On the wrist there are two overlaying velcro straps and a separate, smaller strap that tightens up the armour and secures it in position.
Another little touch I really like is the shape of the cuff where it meets the hand armour: there’s a unique cut-away piece between the two so if you bend your wrist back, the two don’t meet. One of my biggest criticisms of my RST gloves is that, after a full day on track or riding a naked road bike, my wrists felt fatigued due pushing against the large cuffs all day.
Does it all work?
In a word, yes. Extremely well.
The overall finish is excellent; every part of the glove moves and stretches exactly as you want it to. There seems to be no resistance from any part and you can really feel the development and thought process that has gone into these gloves.
We learnt from Kushitani that these gloves are developed by their Honda MotoGP test rider, Hiroshi Aoyama, a seriously fast gentlemen who knows his way around a track. Being a test rider, he needs the best protection and comfort available and the GPR-6 you can buy is exactly the same glove Hiroshi wears on his GP bike.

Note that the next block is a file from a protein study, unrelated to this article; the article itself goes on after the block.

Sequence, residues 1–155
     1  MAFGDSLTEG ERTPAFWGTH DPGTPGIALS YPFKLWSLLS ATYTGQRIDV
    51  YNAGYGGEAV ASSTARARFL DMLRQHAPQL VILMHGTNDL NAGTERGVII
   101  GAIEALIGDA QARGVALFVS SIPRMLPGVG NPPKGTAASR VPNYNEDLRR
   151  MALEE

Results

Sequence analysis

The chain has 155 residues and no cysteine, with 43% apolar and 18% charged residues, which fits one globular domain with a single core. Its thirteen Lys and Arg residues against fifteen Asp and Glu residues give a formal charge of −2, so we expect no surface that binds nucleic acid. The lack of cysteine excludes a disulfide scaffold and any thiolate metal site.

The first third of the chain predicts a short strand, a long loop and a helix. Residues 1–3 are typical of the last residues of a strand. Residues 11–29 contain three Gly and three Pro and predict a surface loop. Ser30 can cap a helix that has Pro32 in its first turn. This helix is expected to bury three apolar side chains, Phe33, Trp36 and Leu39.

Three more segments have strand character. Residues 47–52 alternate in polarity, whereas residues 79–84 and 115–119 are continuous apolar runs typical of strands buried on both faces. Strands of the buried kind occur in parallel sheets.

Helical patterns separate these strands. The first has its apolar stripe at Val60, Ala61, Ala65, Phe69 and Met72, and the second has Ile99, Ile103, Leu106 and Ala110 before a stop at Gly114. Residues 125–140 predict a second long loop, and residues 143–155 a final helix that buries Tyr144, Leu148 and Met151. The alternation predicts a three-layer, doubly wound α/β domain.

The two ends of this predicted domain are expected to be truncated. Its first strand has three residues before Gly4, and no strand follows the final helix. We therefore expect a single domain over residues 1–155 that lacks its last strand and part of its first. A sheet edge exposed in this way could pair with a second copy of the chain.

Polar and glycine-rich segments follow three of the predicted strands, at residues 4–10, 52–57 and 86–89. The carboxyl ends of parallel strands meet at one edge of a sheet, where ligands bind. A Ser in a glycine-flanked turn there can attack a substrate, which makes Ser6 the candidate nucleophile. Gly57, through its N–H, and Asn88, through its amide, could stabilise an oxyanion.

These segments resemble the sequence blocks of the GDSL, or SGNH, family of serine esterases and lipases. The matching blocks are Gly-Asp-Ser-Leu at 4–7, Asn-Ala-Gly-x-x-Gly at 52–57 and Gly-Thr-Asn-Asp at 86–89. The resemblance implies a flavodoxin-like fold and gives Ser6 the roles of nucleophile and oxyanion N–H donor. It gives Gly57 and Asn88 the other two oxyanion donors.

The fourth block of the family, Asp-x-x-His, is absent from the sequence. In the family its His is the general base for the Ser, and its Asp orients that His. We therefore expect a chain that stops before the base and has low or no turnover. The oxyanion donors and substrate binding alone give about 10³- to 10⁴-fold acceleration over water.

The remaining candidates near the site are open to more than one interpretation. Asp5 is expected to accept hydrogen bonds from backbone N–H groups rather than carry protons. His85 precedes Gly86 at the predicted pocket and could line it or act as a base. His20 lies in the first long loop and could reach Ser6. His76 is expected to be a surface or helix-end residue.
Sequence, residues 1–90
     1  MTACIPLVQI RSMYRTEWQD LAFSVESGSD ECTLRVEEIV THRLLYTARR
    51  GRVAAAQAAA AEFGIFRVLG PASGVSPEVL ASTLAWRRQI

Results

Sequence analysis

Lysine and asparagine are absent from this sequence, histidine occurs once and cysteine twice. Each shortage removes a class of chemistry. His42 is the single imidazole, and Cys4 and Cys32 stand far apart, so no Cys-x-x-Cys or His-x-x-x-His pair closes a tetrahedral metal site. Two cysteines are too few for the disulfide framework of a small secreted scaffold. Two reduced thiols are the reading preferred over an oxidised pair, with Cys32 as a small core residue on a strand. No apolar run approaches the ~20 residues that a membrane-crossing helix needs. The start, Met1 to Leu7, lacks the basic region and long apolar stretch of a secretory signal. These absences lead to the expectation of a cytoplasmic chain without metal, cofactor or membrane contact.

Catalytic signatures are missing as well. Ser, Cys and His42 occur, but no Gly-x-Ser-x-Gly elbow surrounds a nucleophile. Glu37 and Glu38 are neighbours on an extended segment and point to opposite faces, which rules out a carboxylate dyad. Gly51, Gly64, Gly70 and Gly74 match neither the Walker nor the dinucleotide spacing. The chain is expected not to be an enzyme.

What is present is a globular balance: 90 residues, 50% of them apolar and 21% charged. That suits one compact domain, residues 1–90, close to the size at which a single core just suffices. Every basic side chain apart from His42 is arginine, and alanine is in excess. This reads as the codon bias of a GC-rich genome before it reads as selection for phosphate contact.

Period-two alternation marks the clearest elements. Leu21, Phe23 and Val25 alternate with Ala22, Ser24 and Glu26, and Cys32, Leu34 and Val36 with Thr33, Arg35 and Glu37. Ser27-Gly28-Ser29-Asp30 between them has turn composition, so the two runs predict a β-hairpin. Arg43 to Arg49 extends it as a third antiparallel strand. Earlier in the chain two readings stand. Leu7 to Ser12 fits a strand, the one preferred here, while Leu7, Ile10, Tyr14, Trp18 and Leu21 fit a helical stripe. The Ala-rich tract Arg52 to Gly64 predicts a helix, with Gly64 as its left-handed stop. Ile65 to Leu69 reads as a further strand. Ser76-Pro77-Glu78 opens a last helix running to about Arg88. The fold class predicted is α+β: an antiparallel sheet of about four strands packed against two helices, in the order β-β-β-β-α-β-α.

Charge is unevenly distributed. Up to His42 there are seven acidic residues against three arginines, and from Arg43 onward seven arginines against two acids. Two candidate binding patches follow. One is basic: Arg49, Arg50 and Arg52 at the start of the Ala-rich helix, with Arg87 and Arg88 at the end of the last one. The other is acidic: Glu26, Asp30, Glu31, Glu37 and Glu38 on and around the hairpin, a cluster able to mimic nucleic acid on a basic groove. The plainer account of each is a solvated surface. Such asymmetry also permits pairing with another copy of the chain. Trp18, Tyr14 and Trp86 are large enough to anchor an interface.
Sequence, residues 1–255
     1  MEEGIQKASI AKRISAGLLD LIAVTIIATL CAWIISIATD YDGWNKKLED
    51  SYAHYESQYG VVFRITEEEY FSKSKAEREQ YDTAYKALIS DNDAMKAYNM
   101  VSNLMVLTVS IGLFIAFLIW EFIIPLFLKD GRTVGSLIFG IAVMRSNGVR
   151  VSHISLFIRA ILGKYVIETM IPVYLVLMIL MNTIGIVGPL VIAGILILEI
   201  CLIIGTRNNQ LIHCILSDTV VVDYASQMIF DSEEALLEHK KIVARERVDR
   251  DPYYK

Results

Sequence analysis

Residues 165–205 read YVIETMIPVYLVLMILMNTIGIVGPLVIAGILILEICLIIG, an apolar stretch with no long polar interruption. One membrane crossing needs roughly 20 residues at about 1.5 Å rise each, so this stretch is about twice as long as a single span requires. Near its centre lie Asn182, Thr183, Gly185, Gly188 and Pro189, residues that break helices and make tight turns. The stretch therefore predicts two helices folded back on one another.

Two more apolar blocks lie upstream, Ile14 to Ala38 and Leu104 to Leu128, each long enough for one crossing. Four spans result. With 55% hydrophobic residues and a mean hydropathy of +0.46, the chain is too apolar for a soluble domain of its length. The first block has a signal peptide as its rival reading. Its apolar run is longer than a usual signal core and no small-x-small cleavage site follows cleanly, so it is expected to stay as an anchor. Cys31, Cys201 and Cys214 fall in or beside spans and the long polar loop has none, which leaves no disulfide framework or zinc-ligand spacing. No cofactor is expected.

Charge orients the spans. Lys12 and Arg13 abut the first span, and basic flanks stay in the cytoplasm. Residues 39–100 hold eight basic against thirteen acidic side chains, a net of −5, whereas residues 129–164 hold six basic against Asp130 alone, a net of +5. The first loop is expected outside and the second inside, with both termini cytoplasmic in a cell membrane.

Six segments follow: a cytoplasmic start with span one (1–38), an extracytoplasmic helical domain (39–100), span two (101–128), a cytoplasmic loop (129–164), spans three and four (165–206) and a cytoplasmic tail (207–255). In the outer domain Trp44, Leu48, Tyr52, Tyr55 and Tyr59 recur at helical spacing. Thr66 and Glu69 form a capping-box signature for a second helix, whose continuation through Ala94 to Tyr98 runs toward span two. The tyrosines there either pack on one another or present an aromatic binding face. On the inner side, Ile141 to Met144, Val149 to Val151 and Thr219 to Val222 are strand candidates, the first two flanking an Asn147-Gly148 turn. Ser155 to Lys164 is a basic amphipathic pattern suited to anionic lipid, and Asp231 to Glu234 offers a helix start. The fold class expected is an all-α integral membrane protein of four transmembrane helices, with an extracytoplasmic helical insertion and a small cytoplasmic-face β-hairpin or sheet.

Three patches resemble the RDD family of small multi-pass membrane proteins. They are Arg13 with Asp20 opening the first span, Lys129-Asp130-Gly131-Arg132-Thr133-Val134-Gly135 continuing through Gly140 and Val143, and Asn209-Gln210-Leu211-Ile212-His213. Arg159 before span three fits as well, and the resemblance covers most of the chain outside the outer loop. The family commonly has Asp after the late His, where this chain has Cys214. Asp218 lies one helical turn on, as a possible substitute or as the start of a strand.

There is a bewildering array of gloves available in the market. If you read any group test, you’ll see the same familiar names rising to the top of the crop. The Knox Handroids have long been test winners and are hugely popular so this is where I set the Kushitani’s benchmark. The two pairs are are both priced at £199 which really helps with the comparison so what it boils down to is which I would spend my own money on. I always thought the Handroids were a little gimmicky, but they are proven to be effective and the rest of the glove was made to a high standard.
So which would I buy?
Put simply, the Kushitani. And I did, as you can see in the pictures where I’m wearing them.
They are without question the most comfortable, well-made and brilliant pair of gloves I’ve ever owned. Kushitani demonstrate their excellence in the quality of their leather suits and that translates fully into their gloves. The work and development process is clear to see and feel. If you’re looking at purchasing a new pair of gloves for the road or track, despite their presence on the market not being as prominent as other brands, the Kushitani GPR-6 absolutely need to be considered.
I have definitely found the gloves for me.
By Ben Wiskin